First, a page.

By Luke Traynor, Liverpool Echo, 15 April, 2018.
Rosie Halsall has coped with the condition since the age of nine
A 17-year-old girl has become virtually housebound because of ME, which at its worst leaves her unable to lift her head from the pillow.
Rosie Halsall has suffered from the illness since she was nine, and last properly attended school in Maghull in 2014.
The teenager now has a bedroom on the ground floor of her parents’ home because she is often too weak to make it upstairs.
Also known as Chronic Fatigue Syndrome, the condition leaves Rosie in a wheelchair and unable to walk or stand unaided.
In 2016, she spent six months in hospital as the illness ravaged her body.
She told the ECHO: “At my worst, I was completely bedbound, unable to lift my head from a pillow, spoon-fed, unable to sit at any further than 30 degress without fainting.
“I was admitted to hospital for approximately six months.
“Whilst I am slowly recovering from this relapse, and able to sit unsupported for minutes at a time and can leave my house on occasions, I still don’t have the strength to stand or walk and I haven’t attended school since 2014.
“I have a very good support system around me who understand my illness, however I have lost contact with people I used to talk to every day and friends who I grew up with.”
ME has really impacted on Rosie’s life since she was 13, and she remains sensitive to lights and sounds, meaning she regularly wears sound reduction headphones and sunglasses.
She added: “People don’t tend to see the bad days, the days when I’m crying in pain, when I’m too exhausted to wear ‘proper’ clothes, and the help I need from my parents with transferring, washing etc.”
Rosie first suffered ME symptoms at the age of nine when she contracted a viral infection, but failed to recover from it.
She now needs her parents’ help to move from chair to chair and can get brain fog and dizziness at any time of the day.
Currently, Rosie is studying for her GCSEs and is home tutored so she doesn’t have to attend school.
She added: “I don’t spend most of the day in bed any more. But I can’t remember the last time I went out for fun.
“My days are a lot of symptom management, with pain relief and I do a lot of stretching.
“ME brings me extreme tiredness, muscle weakness, dizziness and a fast heart rate.
“At home, we have two living rooms, one for the family, and my bedroom.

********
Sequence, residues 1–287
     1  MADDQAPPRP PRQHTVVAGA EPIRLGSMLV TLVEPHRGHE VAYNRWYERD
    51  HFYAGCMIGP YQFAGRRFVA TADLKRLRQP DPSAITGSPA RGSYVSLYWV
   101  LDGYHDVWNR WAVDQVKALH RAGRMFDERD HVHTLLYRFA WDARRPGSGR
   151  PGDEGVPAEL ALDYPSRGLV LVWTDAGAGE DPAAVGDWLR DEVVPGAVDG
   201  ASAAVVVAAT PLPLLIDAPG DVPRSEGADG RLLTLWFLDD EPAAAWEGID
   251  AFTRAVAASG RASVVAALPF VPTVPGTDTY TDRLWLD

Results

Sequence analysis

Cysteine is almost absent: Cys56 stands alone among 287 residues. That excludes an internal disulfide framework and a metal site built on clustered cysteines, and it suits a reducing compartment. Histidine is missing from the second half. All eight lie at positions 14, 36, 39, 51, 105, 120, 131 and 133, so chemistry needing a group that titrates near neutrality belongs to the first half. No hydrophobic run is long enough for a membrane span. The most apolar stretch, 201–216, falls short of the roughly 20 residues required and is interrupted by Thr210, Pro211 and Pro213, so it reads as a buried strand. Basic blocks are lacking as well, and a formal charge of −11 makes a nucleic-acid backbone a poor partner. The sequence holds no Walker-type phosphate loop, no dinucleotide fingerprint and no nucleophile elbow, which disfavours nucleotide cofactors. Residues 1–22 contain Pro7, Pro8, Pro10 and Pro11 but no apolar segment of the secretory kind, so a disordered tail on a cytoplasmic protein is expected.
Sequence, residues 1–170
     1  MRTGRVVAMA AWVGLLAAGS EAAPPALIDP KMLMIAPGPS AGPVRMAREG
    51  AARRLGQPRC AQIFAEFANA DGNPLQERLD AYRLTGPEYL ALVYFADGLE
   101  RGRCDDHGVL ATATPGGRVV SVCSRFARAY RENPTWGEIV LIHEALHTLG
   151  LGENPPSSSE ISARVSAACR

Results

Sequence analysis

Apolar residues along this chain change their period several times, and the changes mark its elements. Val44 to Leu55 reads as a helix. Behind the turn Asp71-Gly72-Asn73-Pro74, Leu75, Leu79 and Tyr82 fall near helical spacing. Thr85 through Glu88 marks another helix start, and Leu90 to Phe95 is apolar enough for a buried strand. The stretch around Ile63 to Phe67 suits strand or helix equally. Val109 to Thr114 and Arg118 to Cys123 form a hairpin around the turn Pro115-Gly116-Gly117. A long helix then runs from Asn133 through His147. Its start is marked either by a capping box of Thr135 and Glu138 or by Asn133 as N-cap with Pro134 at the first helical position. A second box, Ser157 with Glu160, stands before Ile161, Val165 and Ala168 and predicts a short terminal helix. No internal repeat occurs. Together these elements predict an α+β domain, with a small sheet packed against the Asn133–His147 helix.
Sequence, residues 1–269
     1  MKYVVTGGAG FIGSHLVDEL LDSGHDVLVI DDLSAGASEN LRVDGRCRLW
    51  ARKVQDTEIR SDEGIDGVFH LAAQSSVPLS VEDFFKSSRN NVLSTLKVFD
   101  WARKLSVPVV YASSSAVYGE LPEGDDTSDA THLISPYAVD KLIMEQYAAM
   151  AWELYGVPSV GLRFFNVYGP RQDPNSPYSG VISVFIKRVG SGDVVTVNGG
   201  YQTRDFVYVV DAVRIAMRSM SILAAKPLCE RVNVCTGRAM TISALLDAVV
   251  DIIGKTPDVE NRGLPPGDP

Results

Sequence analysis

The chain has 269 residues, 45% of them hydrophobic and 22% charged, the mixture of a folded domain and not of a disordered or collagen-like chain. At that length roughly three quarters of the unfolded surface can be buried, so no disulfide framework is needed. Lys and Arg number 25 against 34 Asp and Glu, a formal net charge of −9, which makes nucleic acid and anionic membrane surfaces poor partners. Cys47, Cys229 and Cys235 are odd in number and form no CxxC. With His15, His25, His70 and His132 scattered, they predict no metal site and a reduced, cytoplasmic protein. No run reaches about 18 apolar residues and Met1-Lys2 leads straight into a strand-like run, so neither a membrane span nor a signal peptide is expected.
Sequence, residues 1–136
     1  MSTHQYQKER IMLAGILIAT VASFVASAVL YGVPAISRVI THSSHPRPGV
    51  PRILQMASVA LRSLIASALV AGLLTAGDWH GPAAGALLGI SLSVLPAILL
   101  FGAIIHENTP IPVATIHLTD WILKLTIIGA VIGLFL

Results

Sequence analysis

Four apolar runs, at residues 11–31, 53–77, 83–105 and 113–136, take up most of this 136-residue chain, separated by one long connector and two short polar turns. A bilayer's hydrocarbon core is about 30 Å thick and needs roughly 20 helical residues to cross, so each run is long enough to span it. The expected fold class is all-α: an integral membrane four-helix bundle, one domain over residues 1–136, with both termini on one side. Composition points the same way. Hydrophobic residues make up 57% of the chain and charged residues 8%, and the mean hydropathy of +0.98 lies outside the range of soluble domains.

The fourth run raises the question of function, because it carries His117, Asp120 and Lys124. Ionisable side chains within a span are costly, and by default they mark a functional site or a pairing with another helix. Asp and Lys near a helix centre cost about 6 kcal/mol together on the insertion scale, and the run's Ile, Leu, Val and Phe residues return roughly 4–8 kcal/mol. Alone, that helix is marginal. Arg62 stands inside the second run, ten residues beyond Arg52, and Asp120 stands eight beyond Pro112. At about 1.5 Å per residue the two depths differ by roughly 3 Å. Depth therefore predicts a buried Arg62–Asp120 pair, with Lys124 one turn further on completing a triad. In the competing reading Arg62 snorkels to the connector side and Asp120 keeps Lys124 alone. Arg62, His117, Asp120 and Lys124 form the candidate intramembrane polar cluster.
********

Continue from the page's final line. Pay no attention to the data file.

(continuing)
“ME can be incredibly frustrating as it is difficult to get used to and is very isolating as you don’t go out.
“But I’ve not been diagnosed with any mental health illnesses.
“I think people generally just think I’m just tired or you are just making it all up.
“There’s a real lack of understanding about ME.
“Now sitting my GCSEs, there’s been lots of thoughts of what I could have done if I didn’t suffer from ME.
“I could be in college now with my friends doing my A Levels.”
Around 250,000 people in the UK have the condition.
One in four are so severely affected that they are rendered housebound or bedbound – with some even reliant on tube feeding. There is no known cure.
The ME Association
MEA honorary medical adviser Charles Shepherd said: “There are many people, even within the medical profession, who continue to think ME is all in the mind. It’s about time we put this myth to bed once and for all.
“It is essential that youngsters like Rosie are not overlooked and the urgent need for proper recognition of, and research into, ME is recognised.
“Many doctors still don’t know how to diagnose and manage ME, and lack or research means that we still don’t have any effective forms of treatment.
“This is a completely unacceptable situation for a disease that is twice as common as multiple sclerosis and where a new report has estimated that it is costing the UK economy around £3.5billion in lost taxes, healthcare and benefit costs.”
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